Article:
That the Spurs were able to win the final title of the Duncan-era dynasty had a lot to do with Leonard earning $1.9 million in 2013-14 while contributing enough to win Finals MVP. San Antonio was actually 19th in player salaries that year, though, as Duncan was making just $10.4 million, Parker $12.5 million and Ginobili just $7.0 million, outrageously cheap salaries, even accounting for inflation.
For comparison, the Los Angeles Clippers this season rank No. 1 in player salaries, with Leonard and Paul George earning a combined $85.0 million. Even Eric Gordon (at $19.6 million this season) is earning more than Parker and Ginobili did combined in 2013-14.
8. Steve Nash
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Team salary expenses: 8.15 percent more than league average
Two-time league MVP Steve Nash had a fascinating career, taking a while to break out but eventually becoming the best point guard in the game for a multi-year span. He spent most of his career on playoff-level teams and had a few seasons suiting up for borderline contenders, though he was never able to even reach the Finals, let alone win a championship.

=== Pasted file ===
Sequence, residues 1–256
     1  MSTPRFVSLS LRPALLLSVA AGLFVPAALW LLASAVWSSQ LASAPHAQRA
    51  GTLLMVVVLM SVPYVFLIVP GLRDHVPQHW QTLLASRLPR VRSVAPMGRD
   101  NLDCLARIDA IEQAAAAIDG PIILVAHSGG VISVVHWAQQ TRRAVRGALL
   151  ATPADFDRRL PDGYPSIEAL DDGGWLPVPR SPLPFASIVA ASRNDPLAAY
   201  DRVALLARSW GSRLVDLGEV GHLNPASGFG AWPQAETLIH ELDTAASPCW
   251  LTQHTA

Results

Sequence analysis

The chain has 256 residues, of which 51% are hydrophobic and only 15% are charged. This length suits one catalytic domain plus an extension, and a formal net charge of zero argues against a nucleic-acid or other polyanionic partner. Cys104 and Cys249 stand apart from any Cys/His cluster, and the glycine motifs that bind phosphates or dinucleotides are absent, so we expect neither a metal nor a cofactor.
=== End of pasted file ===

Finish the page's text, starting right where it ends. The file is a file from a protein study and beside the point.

Still, it wasn’t for a lack of his teams trying, as Nash was often on clubs that spent more than most teams in player salaries. Nash was on eight different teams that ranked Top 5 in player salary expenses, with the 2012-13 Lakers ranking 1st in salaries. (We gave Los Angeles credit for spending money to win titles. We never said they always spent it wisely.)
Nash was actually just the fourth highest-paid player on that team, earning $8.9 million, though that makes sense considering the brilliant floor general was on his last legs in the NBA and no matter the investment, he had little chance to win big at that point. Bryant led the team at $27.9 million with Dwight Howard making $19.3 million and Pau Gasol at $19.0 million.
That team won 45 games and was swept out of the first round of the playoffs by the Spurs, by the way.